By Grant McCool
NEW YORK (Reuters) - A New York City councilman, troubled by images of Dominique Strauss-Kahn and other criminal suspects being paraded by law enforcement officials, is proposing legislation to ban the "perp walk."
Councilman David Greenfield said on Friday the bill would make it illegal for any city employee, including those of the New York Police Department (NYPD), to assist in the public showing of anyone arrested and charged with a crime.
"My law is not directed at the media. It is directed at the police," said Greenfield, who represents part of the borough of Brooklyn. "If we change the law then the NYPD will abide by it."
A spokesman for the NYPD was not immediately available for comment.
Defense lawyers have long complained that the "perp walk" -- "perp" is short for perpetrator -- tarnishes the name of their clients in a justice system that presumes a defendant is innocent until proven guilty.
The practice again drew criticism in May when Strauss-Kahn, then managing director of the International Monetary Fund and a leading French presidential contender, was paraded unshaven and in handcuffs after his arrest on sexual assault charges. Strauss-Kahn has denied the charges.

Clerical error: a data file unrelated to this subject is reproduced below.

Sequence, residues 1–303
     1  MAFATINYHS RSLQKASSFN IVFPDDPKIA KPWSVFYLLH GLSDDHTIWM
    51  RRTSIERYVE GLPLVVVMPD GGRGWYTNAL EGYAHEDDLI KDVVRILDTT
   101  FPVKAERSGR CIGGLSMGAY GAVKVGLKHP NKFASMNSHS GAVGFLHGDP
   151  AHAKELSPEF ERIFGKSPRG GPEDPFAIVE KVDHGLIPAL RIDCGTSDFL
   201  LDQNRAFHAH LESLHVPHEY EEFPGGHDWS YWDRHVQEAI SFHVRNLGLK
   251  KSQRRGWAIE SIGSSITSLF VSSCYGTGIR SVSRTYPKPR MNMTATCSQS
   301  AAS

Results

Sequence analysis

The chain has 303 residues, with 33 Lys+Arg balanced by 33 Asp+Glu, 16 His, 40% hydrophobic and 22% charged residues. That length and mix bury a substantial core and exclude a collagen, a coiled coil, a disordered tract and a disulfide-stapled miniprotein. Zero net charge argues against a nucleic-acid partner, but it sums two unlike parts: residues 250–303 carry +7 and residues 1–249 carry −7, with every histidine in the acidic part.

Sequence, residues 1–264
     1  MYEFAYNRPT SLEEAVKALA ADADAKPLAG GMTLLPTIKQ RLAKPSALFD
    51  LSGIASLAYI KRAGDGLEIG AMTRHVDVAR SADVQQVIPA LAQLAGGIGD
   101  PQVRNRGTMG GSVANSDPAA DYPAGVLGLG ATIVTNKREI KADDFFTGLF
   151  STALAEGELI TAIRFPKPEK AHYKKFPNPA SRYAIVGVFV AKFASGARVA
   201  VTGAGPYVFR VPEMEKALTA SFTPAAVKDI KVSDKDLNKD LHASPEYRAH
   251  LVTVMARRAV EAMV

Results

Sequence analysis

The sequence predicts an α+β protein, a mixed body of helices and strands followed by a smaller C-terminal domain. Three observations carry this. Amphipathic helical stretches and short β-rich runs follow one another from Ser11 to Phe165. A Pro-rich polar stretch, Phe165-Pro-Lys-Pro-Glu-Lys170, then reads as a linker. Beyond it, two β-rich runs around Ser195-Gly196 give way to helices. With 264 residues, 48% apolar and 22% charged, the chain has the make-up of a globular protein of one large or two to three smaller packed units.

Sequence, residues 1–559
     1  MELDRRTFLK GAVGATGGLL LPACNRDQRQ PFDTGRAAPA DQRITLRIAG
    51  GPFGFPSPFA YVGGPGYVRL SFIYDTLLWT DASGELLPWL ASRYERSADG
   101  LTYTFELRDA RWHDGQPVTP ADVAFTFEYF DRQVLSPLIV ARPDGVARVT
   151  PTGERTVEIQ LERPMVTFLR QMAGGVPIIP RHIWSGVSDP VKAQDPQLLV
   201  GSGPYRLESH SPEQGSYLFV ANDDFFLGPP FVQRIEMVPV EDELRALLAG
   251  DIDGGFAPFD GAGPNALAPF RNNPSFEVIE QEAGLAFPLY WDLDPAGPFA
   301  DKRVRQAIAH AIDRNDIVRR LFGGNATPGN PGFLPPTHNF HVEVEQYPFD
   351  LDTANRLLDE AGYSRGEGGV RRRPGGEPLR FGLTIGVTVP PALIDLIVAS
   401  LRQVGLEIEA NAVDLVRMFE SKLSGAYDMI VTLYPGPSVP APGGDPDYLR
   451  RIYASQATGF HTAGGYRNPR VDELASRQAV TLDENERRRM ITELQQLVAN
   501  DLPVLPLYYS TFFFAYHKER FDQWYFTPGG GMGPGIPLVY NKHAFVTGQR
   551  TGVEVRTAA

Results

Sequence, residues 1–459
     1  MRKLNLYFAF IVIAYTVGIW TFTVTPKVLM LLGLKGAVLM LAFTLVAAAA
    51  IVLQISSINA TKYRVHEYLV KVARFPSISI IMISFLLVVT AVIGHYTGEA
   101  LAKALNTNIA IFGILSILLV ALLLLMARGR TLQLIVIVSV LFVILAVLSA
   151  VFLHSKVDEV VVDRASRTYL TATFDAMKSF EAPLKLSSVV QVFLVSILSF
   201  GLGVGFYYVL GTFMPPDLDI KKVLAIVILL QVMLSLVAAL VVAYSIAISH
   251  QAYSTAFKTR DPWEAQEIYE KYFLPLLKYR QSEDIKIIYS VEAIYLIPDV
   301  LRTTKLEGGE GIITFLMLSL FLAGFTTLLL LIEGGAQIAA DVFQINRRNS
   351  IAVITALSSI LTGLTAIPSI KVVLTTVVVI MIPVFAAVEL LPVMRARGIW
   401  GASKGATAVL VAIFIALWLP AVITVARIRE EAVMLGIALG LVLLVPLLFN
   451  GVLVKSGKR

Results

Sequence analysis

Greenfield said he wanted to introduce the legislation in the City Council as early as August.
"If we can do it in our city, then I hope it will be taken up by others across the country and at the federal level as well," said Greenfield, who was elected in March 2010.
He said the "perp walk" was "an unfair form of punishment" that made those presumed innocent "look guilty and bias the potential jury pool."
He said he hoped to have the support of Mayor Michael Bloomberg, who did not complain about Strauss-Kahn's "perp walk" at the time but backtracked after questions about the accuser came to light, calling it "outrageous."
Police Commissioner Raymond Kelly this week blamed photographers and cameraman for the outrage.
"We have been walking prisoners out of the front doors of station houses for 150 years in this police department," Kelly was quoted as saying in Thursday's New York Post newspaper.
"Making a decision to stake out a location, where someone is brought out of a police station, that is a decision you make, not a decision the police department makes," Kelly was quoted as telling reporters.
(Reporting by Grant McCool; Editing by Paul Simao)